For most, Spring Training isn’t about the end results. While there are instances when performance in camp could foreshadow future performance, it's not something to stress about. Instead, we should be paying close attention to what is occurring under the hood. A popular application behind this line line of thinking is the examination of a pitcher’s velocity. It is a litmus test of sorts, even though its effectiveness can differ depending on the context of a situation.
I say all of that to get to this point: The Astros ought to be concerned about Pedro Báez and his continued velocity decline. Here is what his velocity readings were a couple of days ago in his only Spring Training appearance.
Astros have to be concerned about Pedro Báez, who was throwing 89-90 mph in his scoreless inning today with 79 mph changeup. In 2020 – the year before he signed – he averaged 94.4 mph on fastball & 86.8 mph on changeup, Last year, coming off injury, he was 90.4 FB/83.2 change.— Brian McTaggart (@brianmctaggart) March 29, 2022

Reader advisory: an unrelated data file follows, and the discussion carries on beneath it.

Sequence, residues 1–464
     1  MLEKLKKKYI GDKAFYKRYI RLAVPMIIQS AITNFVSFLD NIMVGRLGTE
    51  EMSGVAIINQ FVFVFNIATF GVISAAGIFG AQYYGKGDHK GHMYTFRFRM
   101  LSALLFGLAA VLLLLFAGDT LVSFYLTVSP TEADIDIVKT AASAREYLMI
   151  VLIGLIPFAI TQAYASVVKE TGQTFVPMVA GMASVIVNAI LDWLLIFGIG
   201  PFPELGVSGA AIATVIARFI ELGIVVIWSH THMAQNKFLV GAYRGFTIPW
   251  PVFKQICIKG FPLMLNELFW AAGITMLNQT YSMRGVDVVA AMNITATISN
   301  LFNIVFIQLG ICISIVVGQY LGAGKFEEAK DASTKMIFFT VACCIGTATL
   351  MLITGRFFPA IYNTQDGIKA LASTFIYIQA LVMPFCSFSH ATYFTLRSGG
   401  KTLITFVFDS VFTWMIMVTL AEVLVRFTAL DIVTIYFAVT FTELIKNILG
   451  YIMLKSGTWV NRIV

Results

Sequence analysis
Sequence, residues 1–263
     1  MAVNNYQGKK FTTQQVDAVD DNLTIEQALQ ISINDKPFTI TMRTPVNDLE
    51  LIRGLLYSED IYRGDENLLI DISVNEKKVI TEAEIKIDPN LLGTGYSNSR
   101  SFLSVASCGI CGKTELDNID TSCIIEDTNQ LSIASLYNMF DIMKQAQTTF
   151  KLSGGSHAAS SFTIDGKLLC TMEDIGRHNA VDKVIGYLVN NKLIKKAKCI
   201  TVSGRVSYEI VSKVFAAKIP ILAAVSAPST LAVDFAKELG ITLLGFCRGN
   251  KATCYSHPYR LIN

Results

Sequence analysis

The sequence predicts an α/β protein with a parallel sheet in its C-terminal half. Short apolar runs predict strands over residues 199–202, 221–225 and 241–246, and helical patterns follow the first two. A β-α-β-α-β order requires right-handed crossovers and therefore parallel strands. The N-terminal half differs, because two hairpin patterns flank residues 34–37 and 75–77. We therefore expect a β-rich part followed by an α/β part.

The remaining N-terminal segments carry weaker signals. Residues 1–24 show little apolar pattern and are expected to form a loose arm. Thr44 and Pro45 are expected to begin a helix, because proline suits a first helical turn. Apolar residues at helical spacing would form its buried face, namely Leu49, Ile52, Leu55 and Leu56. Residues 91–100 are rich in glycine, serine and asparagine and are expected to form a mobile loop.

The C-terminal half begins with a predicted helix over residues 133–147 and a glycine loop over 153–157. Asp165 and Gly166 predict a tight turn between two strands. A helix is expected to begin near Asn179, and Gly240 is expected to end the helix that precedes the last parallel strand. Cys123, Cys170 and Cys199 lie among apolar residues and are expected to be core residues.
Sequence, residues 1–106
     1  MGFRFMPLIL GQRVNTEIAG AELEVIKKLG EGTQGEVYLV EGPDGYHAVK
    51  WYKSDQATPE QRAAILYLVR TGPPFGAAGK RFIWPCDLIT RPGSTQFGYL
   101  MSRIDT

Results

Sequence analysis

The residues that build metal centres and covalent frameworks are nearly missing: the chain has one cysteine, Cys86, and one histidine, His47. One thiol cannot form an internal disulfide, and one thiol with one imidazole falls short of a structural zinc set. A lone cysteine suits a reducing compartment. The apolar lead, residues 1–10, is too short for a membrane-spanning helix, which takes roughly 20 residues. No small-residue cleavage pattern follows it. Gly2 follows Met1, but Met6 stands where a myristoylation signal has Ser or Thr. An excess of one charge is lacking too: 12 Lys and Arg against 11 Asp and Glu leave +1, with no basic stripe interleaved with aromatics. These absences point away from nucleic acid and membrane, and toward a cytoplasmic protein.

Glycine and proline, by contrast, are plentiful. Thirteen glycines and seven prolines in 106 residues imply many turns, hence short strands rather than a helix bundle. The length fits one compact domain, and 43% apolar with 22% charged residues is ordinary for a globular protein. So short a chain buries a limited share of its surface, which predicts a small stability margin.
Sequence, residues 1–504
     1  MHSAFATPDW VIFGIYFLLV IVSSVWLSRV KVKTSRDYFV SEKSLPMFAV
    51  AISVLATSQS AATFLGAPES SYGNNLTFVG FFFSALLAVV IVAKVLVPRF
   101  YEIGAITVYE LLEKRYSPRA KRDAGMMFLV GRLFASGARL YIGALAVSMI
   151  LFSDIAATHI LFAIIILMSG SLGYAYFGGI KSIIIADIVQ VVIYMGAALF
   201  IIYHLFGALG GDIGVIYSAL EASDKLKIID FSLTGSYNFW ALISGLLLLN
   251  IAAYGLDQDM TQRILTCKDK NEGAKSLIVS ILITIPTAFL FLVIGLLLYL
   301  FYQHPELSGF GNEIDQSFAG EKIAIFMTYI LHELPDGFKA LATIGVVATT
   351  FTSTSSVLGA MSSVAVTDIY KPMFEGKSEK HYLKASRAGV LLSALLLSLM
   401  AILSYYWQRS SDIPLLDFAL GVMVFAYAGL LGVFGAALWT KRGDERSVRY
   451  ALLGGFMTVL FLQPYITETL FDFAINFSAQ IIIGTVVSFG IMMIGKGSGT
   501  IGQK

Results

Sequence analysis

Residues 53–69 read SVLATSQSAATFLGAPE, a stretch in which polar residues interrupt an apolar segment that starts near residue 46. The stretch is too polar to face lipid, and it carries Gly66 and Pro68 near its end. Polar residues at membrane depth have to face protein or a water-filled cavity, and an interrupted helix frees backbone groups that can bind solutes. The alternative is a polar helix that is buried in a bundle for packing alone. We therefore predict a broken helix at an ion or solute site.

Báez, who is now 34, has seen his fastball velocity gradually declined from 97.1 miles per hour in 2017 to 94.4 miles per hour in 2020. While the sample is far too limited, we do know that he averaged out his fastball at 91 miles per hour last season. The same noticeable decline applies to his slider and changeup. In an era where velocity is king, this seemingly continuous development is ominous as his readings dip even further in camp.
Of course, it is essential to note that Báez was impacted last spring by COVID-19 followed by right shoulder soreness. Who knows what his velocity would look like if he were able to ramp up without any health issues? While it is evident that his velocity was lagging behind his peak at the time of his signing, Houston was likely hoping he could rebound to some degree and continue to limit the damage by avoiding hard hits, which he was ranked in 99th percentile back in 2019. One can't help but speculate about the long-term effects of both ailments have had on the former Dodger.
But for the Astros, there is a fairly high possibility at this juncture that they'll won't recoup much value from their $12.5 million investment into Báez if these velocity woes continue at this pace. At the time, it felt like a signing that had the potential to backfire solely for the dipping velocity readings despite the positive end results. But when the bottom drops as it is currently occurring with Báez, then those good results may not happen again.